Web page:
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Leonard Cohen at the Arena in Geneva, 27 October 2008

Leonard Cohen at the Arena in Geneva, 27 October 2008

2016 has taken many great musicians from us. Early in the year we lost Prince and David Bowie. Gord Downie of the Tragically Hip is still with us for now, but the band played its last concert. And then there was Leonard Cohen.

Cohen began his career as one of the long parade of 1960s singer-songwriters who temporarily changed the phrase “folk music” so that it now referred to the music of educated urban élites. He earned a place alongside Joan Baez, Joni Mitchell, Bob Dylan – many of whom he played with. In that context he developed his talent for enigmatic, evocative lyrics. But as far as I’m concerned, none of his real greatness comes from that period. If he had died as young as Janis Joplin (or Amy Winehouse), I wouldn’t be writing this tribute, and a few decades from now I’m not sure that he would be remembered.

Cohen’s real brilliance came out in the 1980s and early 1990s, when decades of whisky and cigarettes had lowered his sensitive folkie voice into a gravelly growl, and his music took a darker turn to match. The past year in the United States has had me marvelling over and over at the prescience of “Democracy“, a song expressing a foreboding and ominous dread that “Democracy is comin’ to the USA.”

A friend – longtime LoAW commenter Ben – noted to me recently that Cohen may be the world’s most famous “JewBu” (Jewish Buddhist). And it occurred to me that Cohen’s (later) lyrics are, in a certain way, deeply in sync with both traditions. What characterizes those works above all is a sense of bleakness, of darkness, about the world and life: “I’ve seen the future, brother, it is murder.” “My friends are gone and my hair is gray. I ache in the places where I used to play.” And perhaps most of all there is “Everybody Knows“, a song that treats the world’s corrupt and cynical nature as a truism.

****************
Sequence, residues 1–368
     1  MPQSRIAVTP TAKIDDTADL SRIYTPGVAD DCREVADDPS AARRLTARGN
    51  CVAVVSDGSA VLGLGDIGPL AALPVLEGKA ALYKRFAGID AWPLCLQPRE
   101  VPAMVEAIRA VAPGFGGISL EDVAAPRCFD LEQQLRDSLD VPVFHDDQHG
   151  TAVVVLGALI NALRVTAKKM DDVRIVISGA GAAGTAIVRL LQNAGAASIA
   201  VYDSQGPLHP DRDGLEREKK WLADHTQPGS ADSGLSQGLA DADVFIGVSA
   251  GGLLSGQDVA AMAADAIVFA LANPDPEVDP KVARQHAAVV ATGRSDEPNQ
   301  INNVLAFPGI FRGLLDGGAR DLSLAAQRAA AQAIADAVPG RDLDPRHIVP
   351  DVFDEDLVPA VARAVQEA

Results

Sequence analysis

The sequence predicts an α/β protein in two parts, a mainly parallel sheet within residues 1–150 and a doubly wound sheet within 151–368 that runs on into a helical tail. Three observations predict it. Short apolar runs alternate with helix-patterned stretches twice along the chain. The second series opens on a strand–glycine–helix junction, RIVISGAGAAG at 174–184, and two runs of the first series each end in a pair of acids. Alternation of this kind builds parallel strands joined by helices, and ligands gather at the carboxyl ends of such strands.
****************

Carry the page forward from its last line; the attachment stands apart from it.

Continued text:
But there is in the depths of all this darkness a wit, and more than that, an affirmation. In hearing some dark and brooding music one wonders of the singer or the lyricist, “Is he okay? Is he going to kill himself?” (As the leader of Joy Division turned out to do before his album was even released.) There was never any such worry with Cohen. For him, I think, there was a certain enjoyment, even relishing of the darkness. And likewise for his fans, as Cohen well knew, going so far as to name his last album – released just weeks before his death – “You Want It Darker“.

There is a twist in that title. The “you” addressed in the eerie, spare title song – the one who wants it darker – turns out to be God himself, as it is in so many of Cohen’s other works (“Coming Back To You“). Cohen adds, likely aware of what was soon to come: “I’m ready, my lord.” The song’s haunting backing vocals are provided by a Jewish men’s choir.

And it seems to me that in general the darkness of Cohen’s music echoes at least one strain of Jewish tradition. This is emphatically not the righteous prophetic tradition of the book of Exodus, where God acts to bring justice to the world. Rather it is the sober view of Ecclesiastes, where the righteous perish, the wicked thrive and God is distant and inscrutable – yet we still cannot get away from him and we keep a loyalty to him. One can hear Ecclesiastes in the most poignant lines of Kate McKinnon’s achingly mournful recent SNL cover of “Hallelujah” as Hillary Clinton, a verse from Cohen’s original that is less common in cover versions: “And even though it all went wrong / I’ll stand before the lord of song / With nothing on my lips but hallelujah.”

I’ve sometimes thought of Ecclesiastes as my favourite book of the Bible. I’d also say it’s a strong contender for the most Buddhist book of the Bible. Which brings us to the fact that shortly after releasing arguably his three best albums, this sensual, whisky-soaked poet went to spend five years as a Zen monk on a mountaintop. And it seems to me that this too is in keeping with Cohen’s lyrics, pessimistic and despairing yet full of relish and even rapture. In Zen one experiences sudden liberation in a single moment – the world has not changed, only one’s perspective on it. One embraces the world even with all its flaws, which may themselves be the source of the world’s beauty. In acceptance lies awakening.

“There is a crack in everything. That’s how the light gets in.”